A Pop Culture Without Brands
Published in Nov-Dec 2022
Imagine having a conversation with a friend. It’s a normal conversation. You discuss careers, goals and aspirations. There is a little bit of gossip about your friend’s recent breakup and about two friends who may potentially be dating, and also about how another friend has lost a job. All is going pretty smoothly. Your friend, after a rough day at work and a third cup of chai, feels the stirring of a hunger pang and says, “What do you wanna eat?” And that is when it happens. That is when your mind automatically transcends into another dimension, and you unintentionally blurt “Mujhay aaanday wala burger!” You have no idea why you said it, but man does it make you both laugh. That, friends, is the beauty of pop culture.
Let’s decode pop culture. In textbook terms, it is “modern popular culture transmitted via the mass media and aimed particularly at younger people”. In simpler terms, it is any form of communication that automatically becomes relevant to the audience and resonates with it.
Pop culture is a phenomenon that we are always consuming. It is not only relevant in Pakistan, but across the globe. Think of all the times, when growing up, we asked one another “What’s up, doc?” Or, more recently, singing Gucci Gang in the most awkward settings. That is how pop culture becomes embedded in our lives.
Pop culture can be inspired by anything. Music, films, art, politics, and now memes. Pop culture is not just what we reference in our conversations. It comes in the form of merchandise or the most modern forms of communication – memes. But there is one particular form of pop culture that every country has to develop, nurture and amplify, and that is brands.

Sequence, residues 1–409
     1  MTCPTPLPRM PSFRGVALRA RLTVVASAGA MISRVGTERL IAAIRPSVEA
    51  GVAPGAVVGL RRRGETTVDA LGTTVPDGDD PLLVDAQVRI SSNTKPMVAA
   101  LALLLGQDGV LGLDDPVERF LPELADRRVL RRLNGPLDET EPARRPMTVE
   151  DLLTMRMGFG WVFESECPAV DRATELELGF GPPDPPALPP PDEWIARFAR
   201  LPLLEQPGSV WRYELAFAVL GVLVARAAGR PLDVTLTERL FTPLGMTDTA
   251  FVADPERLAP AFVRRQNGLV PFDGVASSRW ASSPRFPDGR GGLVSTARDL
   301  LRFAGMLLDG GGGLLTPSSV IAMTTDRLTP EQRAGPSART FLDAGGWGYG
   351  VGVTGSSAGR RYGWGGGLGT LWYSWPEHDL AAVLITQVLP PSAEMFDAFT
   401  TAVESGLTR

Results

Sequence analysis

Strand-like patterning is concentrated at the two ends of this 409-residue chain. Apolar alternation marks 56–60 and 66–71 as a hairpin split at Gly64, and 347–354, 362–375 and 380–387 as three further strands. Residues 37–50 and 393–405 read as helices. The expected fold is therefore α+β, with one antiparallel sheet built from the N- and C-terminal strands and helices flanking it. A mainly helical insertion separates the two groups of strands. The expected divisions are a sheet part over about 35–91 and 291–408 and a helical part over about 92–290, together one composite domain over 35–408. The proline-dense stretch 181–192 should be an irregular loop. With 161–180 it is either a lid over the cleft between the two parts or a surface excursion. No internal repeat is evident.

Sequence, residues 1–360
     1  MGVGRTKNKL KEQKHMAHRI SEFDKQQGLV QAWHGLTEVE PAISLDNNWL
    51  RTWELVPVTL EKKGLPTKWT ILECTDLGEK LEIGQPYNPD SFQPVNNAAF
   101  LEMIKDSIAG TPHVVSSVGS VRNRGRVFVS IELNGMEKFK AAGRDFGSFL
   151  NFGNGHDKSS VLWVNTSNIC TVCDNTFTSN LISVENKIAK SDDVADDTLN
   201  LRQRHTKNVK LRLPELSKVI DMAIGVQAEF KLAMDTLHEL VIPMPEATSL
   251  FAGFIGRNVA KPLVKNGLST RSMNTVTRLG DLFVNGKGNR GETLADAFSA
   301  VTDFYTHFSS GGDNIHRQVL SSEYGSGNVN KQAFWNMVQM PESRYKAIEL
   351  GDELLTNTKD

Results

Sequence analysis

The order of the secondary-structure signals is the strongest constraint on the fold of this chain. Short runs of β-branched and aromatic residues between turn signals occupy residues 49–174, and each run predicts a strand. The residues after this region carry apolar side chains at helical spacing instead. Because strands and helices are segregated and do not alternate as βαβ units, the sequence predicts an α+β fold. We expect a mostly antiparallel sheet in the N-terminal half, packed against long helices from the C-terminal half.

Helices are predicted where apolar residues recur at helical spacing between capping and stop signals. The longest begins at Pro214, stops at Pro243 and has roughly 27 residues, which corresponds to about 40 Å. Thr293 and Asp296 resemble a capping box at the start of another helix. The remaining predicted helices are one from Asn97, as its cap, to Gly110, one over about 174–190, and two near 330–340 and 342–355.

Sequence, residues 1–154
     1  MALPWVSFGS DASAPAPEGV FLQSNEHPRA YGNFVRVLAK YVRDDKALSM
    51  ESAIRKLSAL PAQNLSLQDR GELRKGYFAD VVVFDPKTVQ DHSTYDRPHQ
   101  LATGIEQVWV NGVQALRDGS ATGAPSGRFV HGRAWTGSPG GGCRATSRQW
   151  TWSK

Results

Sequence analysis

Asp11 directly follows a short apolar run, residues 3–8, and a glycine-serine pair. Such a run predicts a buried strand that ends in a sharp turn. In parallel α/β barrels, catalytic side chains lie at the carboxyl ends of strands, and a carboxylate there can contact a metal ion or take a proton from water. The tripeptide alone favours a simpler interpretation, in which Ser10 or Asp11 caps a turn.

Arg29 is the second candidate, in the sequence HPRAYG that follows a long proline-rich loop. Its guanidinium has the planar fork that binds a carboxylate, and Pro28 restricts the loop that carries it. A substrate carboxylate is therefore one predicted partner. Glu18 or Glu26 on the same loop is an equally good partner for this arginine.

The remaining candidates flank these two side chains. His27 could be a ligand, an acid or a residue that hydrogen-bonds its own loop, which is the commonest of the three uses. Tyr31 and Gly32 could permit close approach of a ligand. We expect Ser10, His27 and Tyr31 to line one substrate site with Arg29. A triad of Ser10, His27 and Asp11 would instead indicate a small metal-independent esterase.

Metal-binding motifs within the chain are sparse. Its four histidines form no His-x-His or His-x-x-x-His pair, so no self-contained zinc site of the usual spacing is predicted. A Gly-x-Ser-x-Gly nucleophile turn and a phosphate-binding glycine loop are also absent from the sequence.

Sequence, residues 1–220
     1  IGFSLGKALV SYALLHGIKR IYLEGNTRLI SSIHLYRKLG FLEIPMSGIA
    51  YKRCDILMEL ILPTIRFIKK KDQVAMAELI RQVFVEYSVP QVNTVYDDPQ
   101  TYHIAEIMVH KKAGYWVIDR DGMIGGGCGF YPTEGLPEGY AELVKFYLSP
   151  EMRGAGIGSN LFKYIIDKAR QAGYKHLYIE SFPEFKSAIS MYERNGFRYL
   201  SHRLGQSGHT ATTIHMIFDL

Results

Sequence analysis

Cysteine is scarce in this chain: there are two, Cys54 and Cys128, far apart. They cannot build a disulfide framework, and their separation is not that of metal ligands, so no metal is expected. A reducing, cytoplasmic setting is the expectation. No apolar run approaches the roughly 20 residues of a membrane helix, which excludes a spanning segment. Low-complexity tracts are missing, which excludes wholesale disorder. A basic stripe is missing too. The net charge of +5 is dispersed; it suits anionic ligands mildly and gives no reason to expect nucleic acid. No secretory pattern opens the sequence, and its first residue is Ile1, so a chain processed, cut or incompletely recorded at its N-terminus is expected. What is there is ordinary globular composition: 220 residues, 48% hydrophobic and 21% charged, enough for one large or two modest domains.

Brands across the globe have developed an association with pop culture which has proved to be relevant across the ages. But where does the Pakistani diaspora fit into this, and how do brands become part of pop culture?
Digink is a Pakistani pop culture artist, who developed their niche while producing content (specifically on Instagram), inspired extensively by local brands. The content merges pop culture with brands, and the memes are always worth sharing. According to Digink, “We have a lot of brands that are in that spotlight of pop culture.”
However, in Pakistan, with a population of 220 million people, pop culture becomes subjective, based on usage, experience and brand love. According to Digink, brands like Wall’s Feast, Shezan’s mango juice, Bubble Your Name etc. are part of their list because they form an active part of their lifestyle – although it may not be true for everyone.
Another digital artist, @sadlymrym on Twitter, chimed in that the problem runs deeper than visual imagery. She cited hyperconsumerism as part of the problem. Brands try to shove 30 seconds of functional details to consumers, without making the effort to connect with them on an emotional level. She feels this is why Pakistani audiences take a liking to Indian ads; because of their authenticity and relatability – and the reason why they keep churning in new inductees into pop culture through catchy jingles and taglines that can be used in everyday settings.